X-Message-Number: 12208
Date: Wed, 28 Jul 1999 10:32:20 EDT
Subject: Pizer's humor, relatives' affidavits

Dave Pizer writes that Mike Darwin told him "Your writing stinks, and you 
spell bad." or something like that. 

Not the first time I have disagreed with Mike. Dave's writing may not be 
polished, but it is often original and very amusing, and we have published 
several of his pieces in THE IMMORTALIST. Now I am reminded that we ought to 
put a sample or two on our web site--maybe "The Courage of the Criocs," or 
"Omelet, Prince of Burbank."

Dave also mentions the question of obtaining written consents for 
cryopreservation from relatives. This is a fairly delicate matter. If it can 
be done relatively easily, it can be marginally helpful. However, if there is 
serious opposition on the part of the relative, asking for the consent can be 
counterproductive, since it conveys the false impression that the relative 
has rights in this matter, and therefore might make the relative more likely 
to try to interfere.

As to legal rights of the legally deceased, I believe that in most states the 
main rights explicitly recognized in law are those related to estates, wills, 
and trusts.  

However, there is also the anatomical donation right; and there is the 
Durable Power of Attorney for Health Care, a statutory form in most states, 
which allows the patient before death to name a health care representative to 
make decisions if the patient is unable to make them, under guidelines 
spelled out by the patient, and including disposal of remains. Just about all 
hospitals have these forms. 

Since medical people are accustomed to dealing with organ donors and with 
Power of Attorney for Health Care, these are valuable documents, tending to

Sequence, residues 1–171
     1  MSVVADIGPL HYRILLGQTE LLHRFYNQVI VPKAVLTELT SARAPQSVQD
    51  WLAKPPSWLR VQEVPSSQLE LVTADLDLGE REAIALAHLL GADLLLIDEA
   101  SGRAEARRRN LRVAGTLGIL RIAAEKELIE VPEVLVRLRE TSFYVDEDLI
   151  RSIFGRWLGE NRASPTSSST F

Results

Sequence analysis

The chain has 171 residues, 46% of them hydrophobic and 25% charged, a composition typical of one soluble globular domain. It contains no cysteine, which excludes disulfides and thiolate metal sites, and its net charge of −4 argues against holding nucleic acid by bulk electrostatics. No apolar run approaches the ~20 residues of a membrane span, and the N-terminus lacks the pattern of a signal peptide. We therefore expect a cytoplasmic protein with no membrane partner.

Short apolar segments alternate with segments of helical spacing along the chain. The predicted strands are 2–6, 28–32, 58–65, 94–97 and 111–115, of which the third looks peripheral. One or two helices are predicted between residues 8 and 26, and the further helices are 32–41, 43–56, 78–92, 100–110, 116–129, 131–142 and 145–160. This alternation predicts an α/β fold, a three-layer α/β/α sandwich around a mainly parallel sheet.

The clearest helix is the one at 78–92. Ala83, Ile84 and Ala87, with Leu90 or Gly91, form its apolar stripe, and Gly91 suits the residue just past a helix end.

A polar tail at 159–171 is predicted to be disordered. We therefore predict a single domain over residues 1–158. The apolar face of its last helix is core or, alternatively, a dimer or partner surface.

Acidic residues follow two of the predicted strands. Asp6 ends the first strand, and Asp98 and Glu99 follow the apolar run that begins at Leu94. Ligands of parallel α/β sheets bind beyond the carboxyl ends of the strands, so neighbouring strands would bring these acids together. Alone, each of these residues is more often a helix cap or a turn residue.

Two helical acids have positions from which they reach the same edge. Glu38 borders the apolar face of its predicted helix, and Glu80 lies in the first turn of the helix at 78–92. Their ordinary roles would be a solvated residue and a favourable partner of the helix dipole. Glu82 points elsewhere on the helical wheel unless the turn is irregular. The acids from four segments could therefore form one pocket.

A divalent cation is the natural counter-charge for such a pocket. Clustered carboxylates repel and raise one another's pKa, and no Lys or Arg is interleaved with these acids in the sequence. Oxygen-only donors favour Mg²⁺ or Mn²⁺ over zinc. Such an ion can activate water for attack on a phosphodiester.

allow you to do what you want in the context of routine hospital practice. 

We also have suggested wording for wills--drawn orginally by attorneys for 
ACS--with respect to cryopreservation; and designation of person in charge of 

It must also be remembered that legality is one thing and practice another. 
What happens to you may depend not so much on legal rights as on the 
impressions that key people have at a critical juncture. If you are in a 
hospital or mortuary or at the medical examiner's, custom and relatives on 
the spot may be decisive;  nobody is going to  stick out his neck based on 
some long and unfamiliar legal document such as a cryopreservation contract. 
(In three cases we have had pretty good success in dealing with medical 
examiners on an emergency basis; but if some relative had tried to intervene 
in opposition it might have been a different story.)

The best thing by far, if it can be arranged, is to die under hospice care, 
with prearranged cooperation between the cryonics organization, the hospice, 
and the local authorities (police, parameds, and medical examiner). If you 
die in a non-hospice hospital,  be sure to have your donor form and durable 
power of attorney for health care, and to have friendly and competent 
relatives or other representatives, including  cryonics people, on the spot.

Robert Ettinger
Cryonics Institute
Immortalist Society

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